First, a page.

Benefits of Meeting the Old Soldier

From that accidental encounter I was given a permission to visit the War Office regularly  every month. But not just anytime anywhere I wanted. Only when I had a valid reason to visit the War Office and sometimes just to see the SG himself.

How and why I did get into such a difficult and dangerous situation I couldn’t even figure it out. I didn’t tell anyone about my precarious situation also as I didn’t dare telling anyone. What I figured out was if I told anyone and if that person believed me then I could be in danger. But if he or she didn’t believe me then I would be a laughing stock. So I just kept my mouth shut.

After that I’d been inside the War Office regularly once or twice every month. My trips were neither clandestine nor openly. Was it good or bad for me I didn’t really know? Maybe it was the Senior General’s cunning plan to use me when or if he needed me for their advantage, I didn’t really know? It wasn’t really a direct contact with the SG or mine wasn’t even an important job. They were just letting me easily enter and exit the very important War Office.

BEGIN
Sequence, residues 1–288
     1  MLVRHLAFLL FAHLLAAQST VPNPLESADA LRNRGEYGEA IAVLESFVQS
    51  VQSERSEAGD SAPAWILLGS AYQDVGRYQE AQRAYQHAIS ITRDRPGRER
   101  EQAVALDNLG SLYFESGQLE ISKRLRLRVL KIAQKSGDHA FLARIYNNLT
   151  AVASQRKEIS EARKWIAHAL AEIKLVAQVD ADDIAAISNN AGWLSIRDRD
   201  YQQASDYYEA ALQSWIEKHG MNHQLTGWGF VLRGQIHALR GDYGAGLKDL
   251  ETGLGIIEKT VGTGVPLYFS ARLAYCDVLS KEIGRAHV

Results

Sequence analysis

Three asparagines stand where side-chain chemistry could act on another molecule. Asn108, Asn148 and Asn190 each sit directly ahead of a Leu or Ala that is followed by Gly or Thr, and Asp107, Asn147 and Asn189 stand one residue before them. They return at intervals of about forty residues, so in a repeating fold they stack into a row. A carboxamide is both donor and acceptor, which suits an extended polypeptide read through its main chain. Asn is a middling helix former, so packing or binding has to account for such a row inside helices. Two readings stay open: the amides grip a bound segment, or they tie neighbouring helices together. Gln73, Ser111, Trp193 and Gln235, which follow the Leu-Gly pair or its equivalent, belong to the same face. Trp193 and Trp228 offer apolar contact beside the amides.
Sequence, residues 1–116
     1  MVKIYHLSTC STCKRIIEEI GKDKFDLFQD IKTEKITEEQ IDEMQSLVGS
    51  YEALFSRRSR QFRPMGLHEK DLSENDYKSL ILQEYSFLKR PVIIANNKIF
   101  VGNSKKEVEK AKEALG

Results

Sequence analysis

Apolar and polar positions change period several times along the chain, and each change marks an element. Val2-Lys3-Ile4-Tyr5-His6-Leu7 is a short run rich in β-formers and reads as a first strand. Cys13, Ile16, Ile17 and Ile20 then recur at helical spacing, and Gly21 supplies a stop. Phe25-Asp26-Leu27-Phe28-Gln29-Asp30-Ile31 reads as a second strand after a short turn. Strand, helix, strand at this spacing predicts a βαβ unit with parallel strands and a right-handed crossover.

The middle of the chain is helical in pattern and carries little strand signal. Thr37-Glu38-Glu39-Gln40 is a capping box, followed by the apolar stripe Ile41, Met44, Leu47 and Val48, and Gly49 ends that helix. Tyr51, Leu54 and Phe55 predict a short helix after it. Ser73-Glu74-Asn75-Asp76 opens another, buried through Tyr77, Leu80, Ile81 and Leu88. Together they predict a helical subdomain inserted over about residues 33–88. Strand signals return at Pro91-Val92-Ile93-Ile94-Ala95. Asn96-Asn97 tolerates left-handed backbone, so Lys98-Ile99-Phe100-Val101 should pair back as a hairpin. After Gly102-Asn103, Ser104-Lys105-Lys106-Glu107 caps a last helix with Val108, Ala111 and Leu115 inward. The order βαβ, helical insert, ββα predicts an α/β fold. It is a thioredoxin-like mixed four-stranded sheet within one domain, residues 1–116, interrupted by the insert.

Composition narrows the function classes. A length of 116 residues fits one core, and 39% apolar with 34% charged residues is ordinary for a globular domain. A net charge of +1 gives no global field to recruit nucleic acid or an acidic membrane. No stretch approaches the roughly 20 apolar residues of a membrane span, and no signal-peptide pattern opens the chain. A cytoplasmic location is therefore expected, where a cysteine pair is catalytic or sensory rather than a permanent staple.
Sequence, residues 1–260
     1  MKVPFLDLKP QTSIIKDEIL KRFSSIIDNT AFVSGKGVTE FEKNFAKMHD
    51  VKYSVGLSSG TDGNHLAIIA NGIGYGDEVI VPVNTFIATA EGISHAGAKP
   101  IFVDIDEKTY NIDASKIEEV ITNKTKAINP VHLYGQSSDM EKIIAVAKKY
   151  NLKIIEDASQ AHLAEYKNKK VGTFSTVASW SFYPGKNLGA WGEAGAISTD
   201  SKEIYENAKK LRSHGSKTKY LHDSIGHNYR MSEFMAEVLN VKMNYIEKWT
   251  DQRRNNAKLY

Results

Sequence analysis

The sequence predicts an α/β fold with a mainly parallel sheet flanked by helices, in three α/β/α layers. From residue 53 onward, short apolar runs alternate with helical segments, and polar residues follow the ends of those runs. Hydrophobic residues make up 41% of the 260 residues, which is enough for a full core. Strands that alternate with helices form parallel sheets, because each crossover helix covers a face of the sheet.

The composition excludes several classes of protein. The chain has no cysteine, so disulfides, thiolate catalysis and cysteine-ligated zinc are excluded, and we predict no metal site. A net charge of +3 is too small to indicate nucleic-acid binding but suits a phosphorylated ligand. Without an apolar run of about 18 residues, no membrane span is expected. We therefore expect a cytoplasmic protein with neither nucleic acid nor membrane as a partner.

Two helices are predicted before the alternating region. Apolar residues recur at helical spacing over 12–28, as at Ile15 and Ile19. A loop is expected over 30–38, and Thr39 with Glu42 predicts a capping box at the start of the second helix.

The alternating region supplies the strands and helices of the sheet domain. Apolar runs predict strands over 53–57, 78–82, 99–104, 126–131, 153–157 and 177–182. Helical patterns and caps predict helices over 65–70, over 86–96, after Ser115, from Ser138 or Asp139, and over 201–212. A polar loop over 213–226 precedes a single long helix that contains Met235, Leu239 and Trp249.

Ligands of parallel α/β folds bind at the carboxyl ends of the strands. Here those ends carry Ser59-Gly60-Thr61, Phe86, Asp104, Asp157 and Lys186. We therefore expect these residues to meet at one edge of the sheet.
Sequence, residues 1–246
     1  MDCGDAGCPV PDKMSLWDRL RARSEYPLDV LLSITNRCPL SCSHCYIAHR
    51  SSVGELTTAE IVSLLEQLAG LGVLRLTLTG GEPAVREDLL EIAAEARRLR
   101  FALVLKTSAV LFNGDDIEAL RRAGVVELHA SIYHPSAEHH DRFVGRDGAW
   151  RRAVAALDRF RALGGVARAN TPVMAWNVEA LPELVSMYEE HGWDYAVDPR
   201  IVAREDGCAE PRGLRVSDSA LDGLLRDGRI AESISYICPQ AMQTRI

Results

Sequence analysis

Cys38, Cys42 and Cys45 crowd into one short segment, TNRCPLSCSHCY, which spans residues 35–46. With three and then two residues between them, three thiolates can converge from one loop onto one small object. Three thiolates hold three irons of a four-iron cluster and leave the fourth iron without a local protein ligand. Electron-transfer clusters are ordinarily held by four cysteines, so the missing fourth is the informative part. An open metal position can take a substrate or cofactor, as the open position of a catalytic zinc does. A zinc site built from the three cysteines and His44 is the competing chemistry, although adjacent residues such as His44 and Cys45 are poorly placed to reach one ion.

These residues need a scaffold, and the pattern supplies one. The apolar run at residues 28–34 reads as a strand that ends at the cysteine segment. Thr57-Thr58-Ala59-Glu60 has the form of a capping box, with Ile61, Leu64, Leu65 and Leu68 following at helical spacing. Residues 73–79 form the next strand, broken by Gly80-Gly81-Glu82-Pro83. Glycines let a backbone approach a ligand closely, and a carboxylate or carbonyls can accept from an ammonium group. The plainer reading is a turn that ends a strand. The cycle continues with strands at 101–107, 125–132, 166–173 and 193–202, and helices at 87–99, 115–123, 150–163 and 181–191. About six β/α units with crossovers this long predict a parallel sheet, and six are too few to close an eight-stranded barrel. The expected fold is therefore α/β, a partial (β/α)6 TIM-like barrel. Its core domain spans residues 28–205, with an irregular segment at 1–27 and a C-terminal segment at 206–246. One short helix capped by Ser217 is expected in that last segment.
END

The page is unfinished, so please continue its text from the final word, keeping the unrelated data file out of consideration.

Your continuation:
I didn’t really know what were their benefits in giving me a direct access to the SG from their point of view. But from my side I was so pleased that I could get some interesting news and information direct from the War Office by having an easy access.

I was even thinking that one day I would have a chance to interview SG Than Shwe if I was given an opportunity. Then I could be able to ask him whatever I would want to know from him, I dreamed.

At that time I was working as a journalist for our journal’s branch office at Naypyidaw. Even though I could not write down as the current news whatever I knew on the pages of the journal due to the difficult political situations back then I still was finding out a lot about that period, about Naypyidaw, about the government and the military in general and especially about some senior army officers and the secretive War Office in particular.

I’d learned to relate well with the army officers without fearing them like before. Only one important thing during that period was that I had to control myself not to tell others what I  did know. As a natural born journalist I am quite curious and always trying to ask people what I want to know. And I would like to tell others what I knew too. During my War Office period I had to control myself really hard to suppress that inherent character of mine.
(Direct translation of Aung Shin’s article from his Blog “A Journalist from Myanmar”.)

No comments:

Post a Comment